“Billy was a native Washingtonian to his heart,” Lindsay-Johnson said.

The documentary grew out of a program Lindsay-Johnson co-hosted in 2016 at the Martin Luther King Jr. Memorial Library. It explored the careers of Stewart and another musical Washingtonian, Van McCoy. With funding from Humanities DC, she started work on Stewart’s story in 2019, interviewing relatives, musicians he worked with at Chess and one he shared a bus with in a Dick Clark Caravan of Stars tour: Jerome Anthony “Little Anthony” Gourdine of Little Anthony and the Imperials.

Music journalist T. Watts reviewed the film for California’s Lake County News in 2021.

Award-winning documentarian turns to the story of Billy Stewart

Emmy Award-winning documentarian Beverly Lindsay-Johnson is the director/producer of the new film on Soul/Rhythm & Blues legend Billy Stewart.

Stewart, to the uninitiated, was the ebullient, rotund, piano-playing crooner from Washington, D.C., whose highly original style of singing has not been replicated before or since. One writer described Stewart’s vocal stylings as the R&B equivalent of scat singing. His take on two songs in particular; Gershwin’s “Summertime,” and “Secret Love,” made famous by Doris Day, altered the auditory receptors of American musical taste.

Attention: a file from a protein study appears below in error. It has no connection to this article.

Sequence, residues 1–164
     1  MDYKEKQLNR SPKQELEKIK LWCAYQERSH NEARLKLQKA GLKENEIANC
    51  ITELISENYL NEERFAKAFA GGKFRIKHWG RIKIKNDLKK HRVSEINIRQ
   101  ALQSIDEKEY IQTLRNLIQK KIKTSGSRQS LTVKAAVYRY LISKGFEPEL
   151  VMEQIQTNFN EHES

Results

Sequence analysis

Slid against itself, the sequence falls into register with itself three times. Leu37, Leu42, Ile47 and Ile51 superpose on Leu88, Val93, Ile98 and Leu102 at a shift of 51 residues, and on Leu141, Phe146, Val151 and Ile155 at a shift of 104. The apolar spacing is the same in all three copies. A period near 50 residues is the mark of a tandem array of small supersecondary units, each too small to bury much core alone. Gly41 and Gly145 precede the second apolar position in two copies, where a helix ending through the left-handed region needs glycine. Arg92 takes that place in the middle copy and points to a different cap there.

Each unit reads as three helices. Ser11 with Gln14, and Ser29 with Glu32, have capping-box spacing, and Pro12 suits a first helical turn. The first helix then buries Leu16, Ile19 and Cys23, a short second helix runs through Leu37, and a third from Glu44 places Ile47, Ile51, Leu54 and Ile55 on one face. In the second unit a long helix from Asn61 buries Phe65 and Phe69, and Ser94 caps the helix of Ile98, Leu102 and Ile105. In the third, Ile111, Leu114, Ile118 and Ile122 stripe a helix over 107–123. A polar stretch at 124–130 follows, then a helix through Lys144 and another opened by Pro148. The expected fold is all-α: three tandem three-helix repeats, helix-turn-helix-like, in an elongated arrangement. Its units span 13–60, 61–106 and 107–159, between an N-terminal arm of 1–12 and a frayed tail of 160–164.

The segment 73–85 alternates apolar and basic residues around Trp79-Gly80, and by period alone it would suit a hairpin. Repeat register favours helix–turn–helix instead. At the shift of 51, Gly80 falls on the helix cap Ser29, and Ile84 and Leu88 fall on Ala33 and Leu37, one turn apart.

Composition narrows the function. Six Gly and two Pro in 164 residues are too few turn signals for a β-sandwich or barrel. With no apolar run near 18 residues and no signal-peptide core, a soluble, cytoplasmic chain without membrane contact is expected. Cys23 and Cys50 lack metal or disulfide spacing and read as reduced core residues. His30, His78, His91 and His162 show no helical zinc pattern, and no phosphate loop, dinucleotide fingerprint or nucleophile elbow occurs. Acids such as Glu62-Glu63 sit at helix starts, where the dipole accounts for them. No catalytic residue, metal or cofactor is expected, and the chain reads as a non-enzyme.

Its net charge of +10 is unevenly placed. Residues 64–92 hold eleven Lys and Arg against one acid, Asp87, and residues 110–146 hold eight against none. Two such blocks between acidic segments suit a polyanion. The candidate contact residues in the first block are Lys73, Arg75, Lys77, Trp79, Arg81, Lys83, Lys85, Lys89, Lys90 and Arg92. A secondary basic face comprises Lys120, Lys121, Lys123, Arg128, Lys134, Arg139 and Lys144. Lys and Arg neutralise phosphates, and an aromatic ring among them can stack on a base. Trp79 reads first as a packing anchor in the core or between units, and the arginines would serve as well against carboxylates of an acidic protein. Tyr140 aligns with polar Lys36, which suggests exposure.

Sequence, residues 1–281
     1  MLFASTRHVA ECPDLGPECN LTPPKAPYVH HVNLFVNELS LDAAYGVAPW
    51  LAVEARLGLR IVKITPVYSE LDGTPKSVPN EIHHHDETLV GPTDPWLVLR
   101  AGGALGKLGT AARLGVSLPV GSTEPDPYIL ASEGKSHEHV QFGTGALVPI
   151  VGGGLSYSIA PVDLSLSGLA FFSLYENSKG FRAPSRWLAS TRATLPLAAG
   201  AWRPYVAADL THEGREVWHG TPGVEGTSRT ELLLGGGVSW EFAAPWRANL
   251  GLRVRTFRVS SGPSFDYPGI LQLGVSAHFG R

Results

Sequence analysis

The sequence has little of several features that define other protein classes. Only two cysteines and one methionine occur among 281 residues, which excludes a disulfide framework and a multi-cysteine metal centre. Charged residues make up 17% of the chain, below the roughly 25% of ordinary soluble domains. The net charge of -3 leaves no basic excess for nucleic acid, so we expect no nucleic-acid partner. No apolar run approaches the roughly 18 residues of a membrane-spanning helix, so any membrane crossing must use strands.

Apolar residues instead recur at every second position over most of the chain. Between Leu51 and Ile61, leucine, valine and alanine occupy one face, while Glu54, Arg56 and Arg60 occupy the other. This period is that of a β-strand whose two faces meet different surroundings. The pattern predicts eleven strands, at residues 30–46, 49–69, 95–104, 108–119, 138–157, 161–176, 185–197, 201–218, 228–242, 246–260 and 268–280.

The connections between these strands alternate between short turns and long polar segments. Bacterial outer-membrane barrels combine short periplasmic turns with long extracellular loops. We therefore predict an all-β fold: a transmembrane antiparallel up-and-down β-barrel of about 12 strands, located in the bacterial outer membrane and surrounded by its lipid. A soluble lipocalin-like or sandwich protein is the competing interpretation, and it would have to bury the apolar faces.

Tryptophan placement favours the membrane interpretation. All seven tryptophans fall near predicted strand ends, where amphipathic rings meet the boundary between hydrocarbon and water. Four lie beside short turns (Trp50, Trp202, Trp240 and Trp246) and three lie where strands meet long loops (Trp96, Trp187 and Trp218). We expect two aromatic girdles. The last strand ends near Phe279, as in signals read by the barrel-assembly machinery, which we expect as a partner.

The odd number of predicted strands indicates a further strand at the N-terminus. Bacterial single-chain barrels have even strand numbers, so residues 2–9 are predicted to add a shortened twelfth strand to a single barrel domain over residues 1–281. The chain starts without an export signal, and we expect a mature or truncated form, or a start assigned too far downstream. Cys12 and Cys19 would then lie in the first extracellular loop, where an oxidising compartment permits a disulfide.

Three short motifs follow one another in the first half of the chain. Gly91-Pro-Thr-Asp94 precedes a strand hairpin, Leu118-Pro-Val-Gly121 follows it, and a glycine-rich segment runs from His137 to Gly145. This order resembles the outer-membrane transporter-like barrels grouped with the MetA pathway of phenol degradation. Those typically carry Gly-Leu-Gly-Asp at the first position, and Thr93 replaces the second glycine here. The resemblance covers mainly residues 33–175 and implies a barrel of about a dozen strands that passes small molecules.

Skillfully woven in are interviews with many stars of R&B and Doo-Wop who witnessed the artistry of Stewart; Anthony Gourdine of Little Anthony and The Imperials, Herb Fame, of Peaches & Herb, Mitty Collier (“I Had A Talk With My Man Last Night”), The Bay Area’s Own – Queen of the West Coast Blues Sugar Pie DeSanto, (DeSanto wrote a song for Billy Stewart during her seven-year tenure with Chess), Grace Ruffin of the Jewells, Music Journalist Mike Boone, and Emanuel Raheim of the Disco/R&B group GQ. The resulting marriage of the filmmaker’s vision of the preservation of yet another epoch of Black expression is richly deserving of the international acclaim PBS is affording this documentary

Watch the entire film here, courtesy of PBS. It’s worth 56 minutes of your time!

The documentary explores the journey of the singer from his days as a piano player to a famous R&B balladeer. His style of singing was untouchable as he mastered word doubling and scatting throughout his songs and performances. 

I hope you’ve enjoyed this celebration of Billy Stewart on his birthday. And I’m curious: Was this tribute an introduction for you, or a fond memory? Meet me in the comments to let me know, and for a ton more great music!

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March 2024